Passionate About Paris: The Louvre Museum

The Art Newspaper’s recent poll found that the Louvre was the most visited art museum last year, topping this annual survey since it began in 2007.  Its big draw is of course the Mona Lisa — but what else does the Louvre have to justify its retention of the top spot — and how best to avoid the queues and crowds?

Let’s see, as well as a ‘Top 10’ including Gericault’s Raft of the Medusa and the Marly Horses, the Louvre collections cover Western art from medieval times up to 1848 and includes Italian and Dutch art, French art and sculpture, Islamic art and Egyptian and Greek antiquities. Add to this the ceramics and jewellery collections (including the French crown jewels) and the tree-lined statuary courtyards, it’s easy to see why all the guide books suggest that you plan your visit with a degree of precision if you have must-sees on your list.

The Mona Lisa behind its bullet proof glass counts as one of the ‘three great ladies’ of the Louvre;  the other two are the statues of the  Venus de Milo and the Victory of Samothrace, (deemed an icon of Western art) and all classified as masterpieces.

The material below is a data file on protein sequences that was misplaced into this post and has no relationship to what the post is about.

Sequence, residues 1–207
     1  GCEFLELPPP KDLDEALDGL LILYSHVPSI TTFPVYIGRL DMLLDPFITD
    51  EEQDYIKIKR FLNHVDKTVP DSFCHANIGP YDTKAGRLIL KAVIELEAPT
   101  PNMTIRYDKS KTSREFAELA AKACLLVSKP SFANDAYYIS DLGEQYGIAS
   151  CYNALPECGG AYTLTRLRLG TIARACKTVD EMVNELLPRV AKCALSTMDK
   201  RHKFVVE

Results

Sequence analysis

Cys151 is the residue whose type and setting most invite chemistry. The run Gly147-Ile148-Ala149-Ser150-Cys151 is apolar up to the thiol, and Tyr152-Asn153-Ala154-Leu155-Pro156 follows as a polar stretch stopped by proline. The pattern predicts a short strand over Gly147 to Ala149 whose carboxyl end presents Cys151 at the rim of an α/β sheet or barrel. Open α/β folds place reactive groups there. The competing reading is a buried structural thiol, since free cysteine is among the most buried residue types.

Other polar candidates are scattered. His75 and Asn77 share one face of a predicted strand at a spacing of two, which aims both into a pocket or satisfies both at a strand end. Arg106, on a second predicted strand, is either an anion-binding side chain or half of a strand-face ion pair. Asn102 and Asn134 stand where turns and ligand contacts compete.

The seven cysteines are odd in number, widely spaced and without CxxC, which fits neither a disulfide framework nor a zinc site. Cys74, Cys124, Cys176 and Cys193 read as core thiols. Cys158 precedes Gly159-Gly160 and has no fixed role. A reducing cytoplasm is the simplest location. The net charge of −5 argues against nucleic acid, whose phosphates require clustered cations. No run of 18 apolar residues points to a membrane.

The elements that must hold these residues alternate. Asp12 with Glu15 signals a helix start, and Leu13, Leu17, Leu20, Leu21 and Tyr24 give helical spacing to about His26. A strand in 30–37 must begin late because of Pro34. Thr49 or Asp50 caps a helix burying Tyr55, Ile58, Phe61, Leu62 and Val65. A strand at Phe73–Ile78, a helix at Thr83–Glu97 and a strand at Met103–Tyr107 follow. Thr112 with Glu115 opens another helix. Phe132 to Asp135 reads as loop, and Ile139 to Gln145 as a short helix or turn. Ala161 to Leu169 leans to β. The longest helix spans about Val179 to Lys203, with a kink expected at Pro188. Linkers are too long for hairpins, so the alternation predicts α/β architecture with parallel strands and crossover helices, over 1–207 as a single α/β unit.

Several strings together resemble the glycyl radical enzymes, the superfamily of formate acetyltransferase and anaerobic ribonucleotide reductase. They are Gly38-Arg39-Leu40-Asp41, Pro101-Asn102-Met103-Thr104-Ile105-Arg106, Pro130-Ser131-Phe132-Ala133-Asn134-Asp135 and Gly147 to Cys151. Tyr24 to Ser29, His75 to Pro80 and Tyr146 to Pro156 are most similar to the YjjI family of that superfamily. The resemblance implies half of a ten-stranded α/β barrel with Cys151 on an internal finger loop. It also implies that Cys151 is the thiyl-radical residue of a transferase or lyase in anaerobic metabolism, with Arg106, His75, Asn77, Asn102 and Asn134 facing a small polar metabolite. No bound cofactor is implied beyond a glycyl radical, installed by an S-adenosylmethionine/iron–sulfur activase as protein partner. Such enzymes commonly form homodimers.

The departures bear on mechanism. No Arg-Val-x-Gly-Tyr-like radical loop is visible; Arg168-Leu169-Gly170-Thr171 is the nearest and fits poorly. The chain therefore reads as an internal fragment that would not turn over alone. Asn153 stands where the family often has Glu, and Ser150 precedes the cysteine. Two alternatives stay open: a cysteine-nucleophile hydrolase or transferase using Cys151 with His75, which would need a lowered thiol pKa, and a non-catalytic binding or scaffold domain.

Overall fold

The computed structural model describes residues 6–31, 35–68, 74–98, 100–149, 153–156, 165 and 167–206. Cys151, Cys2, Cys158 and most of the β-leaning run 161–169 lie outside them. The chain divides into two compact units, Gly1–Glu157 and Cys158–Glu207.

There’s also a comprehensive programme of temporary exhibitions, film, live music, lectures and bookstores — oh and the building is pretty impressive too — so the Louvre can prove to be a major consumer of your time in Paris and many visitors leave feeling frustrated and short-changed because of the sheer scale and variety of what’s on offer.

It’s been said that it would take nine months to see everything here and a little forward planning (if possible) is an excellent idea to see the works of art that you’re most interested in.  Another tactic is or pick a particular period or section and stick to that, or take the 90-minute introductory tour (if it’s your first visit) which is available in English.

Entry through the underground shopping mall (entrance on the rue de Rivoli) can be a faster option and if there is a queue, they tend to be shorter than the lines at the glass pyramid entrance.  Even better is buying tickets in advance with all the info you need here.

Another point worth remembering is that although museum entry is free on the first Sunday of each month, the admission lines can be horrendous, so unless you want to spend an inordinate length of time gazing at the admittedly rather splendid glass pyramid, this idea is best forgotten.

À bientôt!

The photo used above is courtesy Rita Crane Photography, under Flickr Creative Commons.

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